Within the magical gears of Lord Kelvin’s incredible machine lies the secret of time. The deadly Dr. Ignacio Narbondo would murder to possess it and scientist and explorer Professor Langdon St. Ives would do anything to use it. For the doctor it means mastery of the world and for the professor it means saving his beloved wife from death. A daring race against time begins…
Greetings to ill and sun-dried,
Today our own Alanna Quinn brings us a review of steampunk pioneer James P. Blaylock’s novel Lord Kelvin’s Machine. Enjoy!
Signed in human blood,
Sean Lee Levin
I am pleased to have a new (to me) genre of reading material to pick up, I wondered what authors were doing in the science fiction realm that could breathe new life into vintage territory Jules Verne and others have mapped into posterity. My favorite devices of this genre are the technology, properly described processes and machinery that can create a vivid narrative that suspends disbelief, keeping a story from becoming a period potboiler/melodrama. In addition to mechanics time-travel, early cryogenics and “controlled vulcanology” or causing volcanoes to activate made for interesting reading.
James B. Blaylock’s Lord Kelvin’s Machine was first published in 1992, not long after his previous novel Homunculus (which will be reviewed next.) Curious as to the moniker “Steampunk Legend” following his name I did a search through Wikipedia and found that in 1987, author K.W. Jeter originated or used “steam-punks” in a submission letter to Locus magazine, naming Homunculus and Tim Powers’ works under the term: it is an honest and legitimate tag.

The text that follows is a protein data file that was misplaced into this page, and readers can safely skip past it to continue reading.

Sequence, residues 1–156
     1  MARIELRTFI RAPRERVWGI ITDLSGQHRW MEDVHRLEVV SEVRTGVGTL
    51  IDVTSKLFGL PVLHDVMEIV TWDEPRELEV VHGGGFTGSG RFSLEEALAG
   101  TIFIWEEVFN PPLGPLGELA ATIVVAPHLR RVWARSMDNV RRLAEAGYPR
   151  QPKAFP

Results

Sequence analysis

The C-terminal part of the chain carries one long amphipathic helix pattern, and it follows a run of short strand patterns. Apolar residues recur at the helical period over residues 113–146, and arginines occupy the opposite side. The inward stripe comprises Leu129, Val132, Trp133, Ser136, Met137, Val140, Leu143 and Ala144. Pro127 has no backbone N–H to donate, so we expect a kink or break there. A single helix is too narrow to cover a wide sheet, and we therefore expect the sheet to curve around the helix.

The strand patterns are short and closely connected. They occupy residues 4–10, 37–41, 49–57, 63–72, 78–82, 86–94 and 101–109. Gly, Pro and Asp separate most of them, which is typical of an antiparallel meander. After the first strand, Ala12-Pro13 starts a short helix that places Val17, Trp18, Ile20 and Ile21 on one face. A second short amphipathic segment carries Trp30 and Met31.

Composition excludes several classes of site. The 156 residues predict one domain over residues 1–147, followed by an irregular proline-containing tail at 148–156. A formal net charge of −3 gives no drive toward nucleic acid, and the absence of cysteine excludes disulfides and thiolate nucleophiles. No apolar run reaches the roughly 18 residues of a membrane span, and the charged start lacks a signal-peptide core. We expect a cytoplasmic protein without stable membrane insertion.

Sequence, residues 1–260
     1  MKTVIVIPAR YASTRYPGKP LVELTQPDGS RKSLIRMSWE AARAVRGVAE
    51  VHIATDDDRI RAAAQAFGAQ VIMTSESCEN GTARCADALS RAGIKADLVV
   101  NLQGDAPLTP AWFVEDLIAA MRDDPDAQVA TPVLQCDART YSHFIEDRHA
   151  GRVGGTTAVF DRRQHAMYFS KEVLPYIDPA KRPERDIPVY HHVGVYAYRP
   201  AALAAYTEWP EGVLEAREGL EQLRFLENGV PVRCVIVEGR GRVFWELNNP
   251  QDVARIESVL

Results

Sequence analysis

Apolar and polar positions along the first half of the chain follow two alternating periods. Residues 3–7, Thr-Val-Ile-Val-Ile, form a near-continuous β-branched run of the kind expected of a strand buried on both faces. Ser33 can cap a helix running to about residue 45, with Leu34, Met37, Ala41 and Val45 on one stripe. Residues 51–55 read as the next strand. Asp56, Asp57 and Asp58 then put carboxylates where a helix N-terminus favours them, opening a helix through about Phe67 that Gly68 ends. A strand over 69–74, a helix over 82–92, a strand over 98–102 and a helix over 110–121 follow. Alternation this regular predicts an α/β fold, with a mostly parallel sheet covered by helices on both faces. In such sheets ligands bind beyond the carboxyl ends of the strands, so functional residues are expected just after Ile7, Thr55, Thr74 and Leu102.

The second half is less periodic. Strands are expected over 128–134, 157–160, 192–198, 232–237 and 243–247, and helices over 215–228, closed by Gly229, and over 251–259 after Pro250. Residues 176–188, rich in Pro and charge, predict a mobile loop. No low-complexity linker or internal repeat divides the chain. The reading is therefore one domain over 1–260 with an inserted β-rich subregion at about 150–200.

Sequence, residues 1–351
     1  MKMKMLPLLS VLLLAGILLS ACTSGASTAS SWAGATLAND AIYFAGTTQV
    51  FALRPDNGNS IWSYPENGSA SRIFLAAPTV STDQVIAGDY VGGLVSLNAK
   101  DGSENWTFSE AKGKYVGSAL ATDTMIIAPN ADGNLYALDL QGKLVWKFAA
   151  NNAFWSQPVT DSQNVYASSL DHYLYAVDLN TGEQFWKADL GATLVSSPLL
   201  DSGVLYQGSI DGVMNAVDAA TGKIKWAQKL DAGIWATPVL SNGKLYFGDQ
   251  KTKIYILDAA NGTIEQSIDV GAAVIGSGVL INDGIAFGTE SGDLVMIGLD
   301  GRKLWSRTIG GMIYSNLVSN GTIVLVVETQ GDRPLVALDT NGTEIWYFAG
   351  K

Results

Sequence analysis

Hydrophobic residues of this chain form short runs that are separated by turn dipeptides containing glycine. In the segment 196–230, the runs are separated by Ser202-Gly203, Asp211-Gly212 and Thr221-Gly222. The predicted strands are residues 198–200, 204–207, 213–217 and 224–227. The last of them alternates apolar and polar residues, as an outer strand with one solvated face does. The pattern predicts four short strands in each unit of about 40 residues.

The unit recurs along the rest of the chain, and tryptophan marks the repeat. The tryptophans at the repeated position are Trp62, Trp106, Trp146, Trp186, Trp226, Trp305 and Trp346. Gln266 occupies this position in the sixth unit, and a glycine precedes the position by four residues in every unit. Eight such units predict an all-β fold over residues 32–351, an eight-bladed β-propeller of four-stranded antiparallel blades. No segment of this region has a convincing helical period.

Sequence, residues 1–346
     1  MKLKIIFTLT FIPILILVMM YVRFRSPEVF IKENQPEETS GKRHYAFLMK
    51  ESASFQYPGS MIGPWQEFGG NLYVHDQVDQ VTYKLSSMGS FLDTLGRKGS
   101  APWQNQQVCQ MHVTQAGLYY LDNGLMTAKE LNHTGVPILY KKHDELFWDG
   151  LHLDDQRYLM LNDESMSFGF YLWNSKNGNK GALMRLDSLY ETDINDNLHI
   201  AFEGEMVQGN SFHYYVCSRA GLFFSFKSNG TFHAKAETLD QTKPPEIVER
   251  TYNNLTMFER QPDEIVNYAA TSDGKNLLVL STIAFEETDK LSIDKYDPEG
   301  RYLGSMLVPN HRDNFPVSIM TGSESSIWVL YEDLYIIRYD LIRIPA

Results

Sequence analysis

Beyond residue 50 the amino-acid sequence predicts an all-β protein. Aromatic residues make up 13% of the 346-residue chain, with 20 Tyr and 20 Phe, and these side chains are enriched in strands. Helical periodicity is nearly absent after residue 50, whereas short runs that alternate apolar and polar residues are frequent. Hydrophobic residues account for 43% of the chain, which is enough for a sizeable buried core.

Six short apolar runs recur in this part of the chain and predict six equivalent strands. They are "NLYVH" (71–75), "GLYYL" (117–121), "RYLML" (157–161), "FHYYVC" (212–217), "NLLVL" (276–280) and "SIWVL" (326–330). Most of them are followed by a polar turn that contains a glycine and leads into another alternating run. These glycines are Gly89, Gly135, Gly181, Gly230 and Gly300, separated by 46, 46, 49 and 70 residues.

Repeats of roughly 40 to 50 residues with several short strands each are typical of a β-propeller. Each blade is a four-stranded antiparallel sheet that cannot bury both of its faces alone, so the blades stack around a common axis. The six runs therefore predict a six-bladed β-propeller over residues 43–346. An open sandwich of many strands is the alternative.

The themes in Lord Kelvin’s Machine are classic: love, revenge, ambition, and a life’s work. Connecting these elements is Lord Kelvin’s time traveler, a machine that allows scientist/explorer Langdon St. Ives to jump through time in order to change the future, in addition to discovering things about himself that return to him his humanity, rather than his default setting as a to-the-bone scientist. The story goes through three major parts, with the final goosing up the action after the substantial build up of character and motives, notably of St. Ives and the obsessions that plague him. I enjoyed the density of the development; it engaged me visually with the story and allowed me to have more empathy even for the villains. With his manservant Hasbro and partners Jack Owlesby and Bill Kraken, St. Ives pursues his nemesis Dr. Narbondo and endeavors to prevent the doctor and his confederates from attempting to destroy the world through seismic manipulations, among other criminal pursuits. In the vernacular, a ripping yarn.
Final Thoughts:This book would be enjoyed greatly by fans of science fiction and those interested in the steampunk genre with more of an emphasis on science. I enjoyed the story immensely and am pleased to discover how far back the steampunk genre’s origins went. It is very good that Titan Books has reprinted and re-released Blaylock’s titles. He is worthy of rediscovery. I give this most enjoyable book four and a half out of five tentacles.
Alanna Quinn – Reviewer/Columnist